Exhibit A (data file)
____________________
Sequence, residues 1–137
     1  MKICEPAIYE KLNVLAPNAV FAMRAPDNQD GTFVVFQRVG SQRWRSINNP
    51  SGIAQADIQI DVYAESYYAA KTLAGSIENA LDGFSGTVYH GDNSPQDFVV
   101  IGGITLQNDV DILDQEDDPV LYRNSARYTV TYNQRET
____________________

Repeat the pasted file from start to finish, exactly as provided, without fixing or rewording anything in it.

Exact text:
Sequence, residues 1–137
     1  MKICEPAIYE KLNVLAPNAV FAMRAPDNQD GTFVVFQRVG SQRWRSINNP
    51  SGIAQADIQI DVYAESYYAA KTLAGSIENA LDGFSGTVYH GDNSPQDFVV
   101  IGGITLQNDV DILDQEDDPV LYRNSARYTV TYNQRET